Saturday, December 27, 2014

Top 5 Gotchas When Running Docker on a Mac

Running Docker on Mac is meant to be a convenience but the fact that Docker on Mac is a 2nd class citizen shows up every now and then. Since Docker is based on Linux cgroups, it cannot and does not run natively on MacOS X. Instead, Docker runs on Macs by using boot2docker, a shim that boots up a whole VirtualBox VM on which one will actually run Docker. Running Docker inside of a VM on Macs complicates things quite a bit.

First, VirtualBox does not support all the nifty new instruction sets on the latest processors thus anything that relies on such instructions won't work.

Second, the VMDK VirtualBox disk image grows monotonically which each Docker image one creates. If Docker were running natively, any stale images could be removed to free up space. Not so for the VirtualBox-hosted Docker. Although images can be removed, the reserved space in the VirtualBox boot2docker disk image remains hence one will be faced with an ever growing chunk of disk space consumed by the boot2docker image. There is an undesirable workaround here. If the all of the important images are safely squirreled away elsewhere, one can do a "boot2docker delete" to clobber the boot2docker disk image completely followed by a "boot2docker init" to create a fresh boot2docker image with none of the docker images.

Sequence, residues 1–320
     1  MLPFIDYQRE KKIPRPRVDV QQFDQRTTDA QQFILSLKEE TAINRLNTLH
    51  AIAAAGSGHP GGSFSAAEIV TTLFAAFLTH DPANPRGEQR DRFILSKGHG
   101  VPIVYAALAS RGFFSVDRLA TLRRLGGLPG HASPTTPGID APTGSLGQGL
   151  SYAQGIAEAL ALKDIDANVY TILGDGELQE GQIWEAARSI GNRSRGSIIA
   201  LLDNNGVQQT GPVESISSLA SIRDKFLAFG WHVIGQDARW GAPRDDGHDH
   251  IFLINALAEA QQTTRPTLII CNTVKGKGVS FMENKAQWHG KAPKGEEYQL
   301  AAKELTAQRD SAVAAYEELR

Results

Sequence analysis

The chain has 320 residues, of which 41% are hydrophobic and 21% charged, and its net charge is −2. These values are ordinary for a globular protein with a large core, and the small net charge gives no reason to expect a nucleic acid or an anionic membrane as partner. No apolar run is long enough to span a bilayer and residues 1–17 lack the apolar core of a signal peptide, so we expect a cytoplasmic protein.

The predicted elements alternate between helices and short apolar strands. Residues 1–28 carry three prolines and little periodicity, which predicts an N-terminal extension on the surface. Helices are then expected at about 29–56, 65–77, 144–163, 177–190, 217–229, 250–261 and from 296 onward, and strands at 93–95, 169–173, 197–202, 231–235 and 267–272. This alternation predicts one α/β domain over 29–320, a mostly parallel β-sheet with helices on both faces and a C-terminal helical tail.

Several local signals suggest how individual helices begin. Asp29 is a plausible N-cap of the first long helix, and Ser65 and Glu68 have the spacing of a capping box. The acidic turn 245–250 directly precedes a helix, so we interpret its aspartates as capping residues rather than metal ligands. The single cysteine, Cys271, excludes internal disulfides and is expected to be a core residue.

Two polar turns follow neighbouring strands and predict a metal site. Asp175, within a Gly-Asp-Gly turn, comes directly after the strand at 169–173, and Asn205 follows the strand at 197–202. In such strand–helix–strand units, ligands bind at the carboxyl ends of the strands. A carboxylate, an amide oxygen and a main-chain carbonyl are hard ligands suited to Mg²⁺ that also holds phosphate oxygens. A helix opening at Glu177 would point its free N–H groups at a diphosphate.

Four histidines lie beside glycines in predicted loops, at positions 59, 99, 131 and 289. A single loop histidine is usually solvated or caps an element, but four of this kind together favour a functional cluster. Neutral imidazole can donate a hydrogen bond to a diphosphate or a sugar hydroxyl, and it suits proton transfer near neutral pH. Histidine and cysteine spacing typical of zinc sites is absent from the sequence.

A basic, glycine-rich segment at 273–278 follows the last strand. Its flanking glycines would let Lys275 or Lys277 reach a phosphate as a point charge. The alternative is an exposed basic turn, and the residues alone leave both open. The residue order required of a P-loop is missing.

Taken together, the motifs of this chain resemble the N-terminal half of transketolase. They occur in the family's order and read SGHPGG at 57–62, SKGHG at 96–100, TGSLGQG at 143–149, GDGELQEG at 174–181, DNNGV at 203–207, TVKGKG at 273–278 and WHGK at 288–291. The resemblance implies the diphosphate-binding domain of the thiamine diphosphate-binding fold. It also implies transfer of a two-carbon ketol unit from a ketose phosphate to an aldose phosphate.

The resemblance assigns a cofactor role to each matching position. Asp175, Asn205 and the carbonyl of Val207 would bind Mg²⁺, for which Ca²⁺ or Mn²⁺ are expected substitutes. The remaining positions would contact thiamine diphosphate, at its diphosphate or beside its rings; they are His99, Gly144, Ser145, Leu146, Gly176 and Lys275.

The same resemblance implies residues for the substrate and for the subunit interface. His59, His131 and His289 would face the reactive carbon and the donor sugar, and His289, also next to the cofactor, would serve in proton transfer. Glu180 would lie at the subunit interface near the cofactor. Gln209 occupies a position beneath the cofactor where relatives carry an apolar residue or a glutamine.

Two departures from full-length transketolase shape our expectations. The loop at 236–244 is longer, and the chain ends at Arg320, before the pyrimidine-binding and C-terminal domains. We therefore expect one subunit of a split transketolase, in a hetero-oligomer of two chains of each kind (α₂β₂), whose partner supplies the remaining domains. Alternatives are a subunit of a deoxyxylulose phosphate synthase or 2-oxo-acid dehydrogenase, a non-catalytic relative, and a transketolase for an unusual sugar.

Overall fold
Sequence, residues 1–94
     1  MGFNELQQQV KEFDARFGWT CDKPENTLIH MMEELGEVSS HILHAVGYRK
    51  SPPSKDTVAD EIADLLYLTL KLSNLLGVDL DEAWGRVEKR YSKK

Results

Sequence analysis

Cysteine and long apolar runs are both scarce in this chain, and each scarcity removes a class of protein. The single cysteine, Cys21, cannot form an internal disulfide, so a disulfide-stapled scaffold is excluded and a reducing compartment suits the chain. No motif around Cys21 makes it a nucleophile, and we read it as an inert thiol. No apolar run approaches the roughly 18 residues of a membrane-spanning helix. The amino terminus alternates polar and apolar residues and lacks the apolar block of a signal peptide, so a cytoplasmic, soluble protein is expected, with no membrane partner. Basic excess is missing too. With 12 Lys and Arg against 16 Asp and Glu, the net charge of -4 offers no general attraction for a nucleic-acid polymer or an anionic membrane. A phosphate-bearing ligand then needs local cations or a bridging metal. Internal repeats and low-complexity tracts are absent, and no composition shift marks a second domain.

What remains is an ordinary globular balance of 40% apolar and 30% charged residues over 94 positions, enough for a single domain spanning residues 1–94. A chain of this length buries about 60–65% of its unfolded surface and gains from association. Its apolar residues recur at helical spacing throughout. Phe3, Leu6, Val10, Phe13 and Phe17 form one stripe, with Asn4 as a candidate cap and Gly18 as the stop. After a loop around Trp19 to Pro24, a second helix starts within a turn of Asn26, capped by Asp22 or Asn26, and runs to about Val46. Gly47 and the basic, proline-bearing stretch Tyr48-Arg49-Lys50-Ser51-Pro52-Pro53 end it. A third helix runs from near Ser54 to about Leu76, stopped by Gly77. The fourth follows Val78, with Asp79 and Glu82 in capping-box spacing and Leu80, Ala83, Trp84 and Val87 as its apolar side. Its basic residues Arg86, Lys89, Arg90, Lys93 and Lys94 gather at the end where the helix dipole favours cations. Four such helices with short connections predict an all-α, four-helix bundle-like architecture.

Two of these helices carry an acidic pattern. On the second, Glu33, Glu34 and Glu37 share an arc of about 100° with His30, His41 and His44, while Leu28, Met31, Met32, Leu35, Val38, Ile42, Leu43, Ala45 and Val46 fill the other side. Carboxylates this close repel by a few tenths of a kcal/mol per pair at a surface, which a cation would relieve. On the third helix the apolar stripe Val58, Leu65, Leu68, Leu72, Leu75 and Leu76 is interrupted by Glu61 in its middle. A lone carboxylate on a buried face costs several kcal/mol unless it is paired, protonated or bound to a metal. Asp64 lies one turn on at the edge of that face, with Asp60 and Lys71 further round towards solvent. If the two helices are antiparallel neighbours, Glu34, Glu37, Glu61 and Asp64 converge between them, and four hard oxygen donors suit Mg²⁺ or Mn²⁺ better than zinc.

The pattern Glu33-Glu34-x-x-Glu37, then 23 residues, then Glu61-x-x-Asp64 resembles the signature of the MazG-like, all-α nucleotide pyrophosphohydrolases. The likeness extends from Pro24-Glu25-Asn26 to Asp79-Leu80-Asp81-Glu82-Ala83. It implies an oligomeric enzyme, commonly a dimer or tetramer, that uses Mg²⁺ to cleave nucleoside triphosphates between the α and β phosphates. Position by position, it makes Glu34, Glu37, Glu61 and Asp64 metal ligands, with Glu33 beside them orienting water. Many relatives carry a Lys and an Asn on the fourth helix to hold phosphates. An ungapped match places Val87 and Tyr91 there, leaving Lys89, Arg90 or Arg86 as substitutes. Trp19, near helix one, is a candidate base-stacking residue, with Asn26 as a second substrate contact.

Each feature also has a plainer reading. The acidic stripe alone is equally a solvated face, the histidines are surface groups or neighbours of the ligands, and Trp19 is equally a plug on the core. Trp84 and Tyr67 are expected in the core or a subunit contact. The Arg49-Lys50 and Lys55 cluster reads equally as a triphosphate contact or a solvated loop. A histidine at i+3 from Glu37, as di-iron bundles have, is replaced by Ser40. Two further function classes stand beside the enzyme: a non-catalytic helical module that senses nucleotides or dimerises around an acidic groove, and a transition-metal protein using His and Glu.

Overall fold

Third, networking is complicated by the VirtualBox layer. Now connecting to a Docker container means not only going through Docker networking but also a VirtualBox NAT. This can be worked around using boot2docker but it is certainly not as straightforward as running Docker natively.

Fourth, if it happens that the boot2docker disk image isn't large enough, one might have to go into the disk image (or even the source ISO image) itself to tweak that.

Fifth, though the choice of VirtualBox makes it convenience to have a prepackaged open-source hypervisor easily deployed with boot2docker, sometimes this just is not as robust as some of the other hypervisors out there.

Unfortunately, neither Rocket nor LXD will likely solve these issues since they also fundamentally rely on Linux kernel support for containerization.

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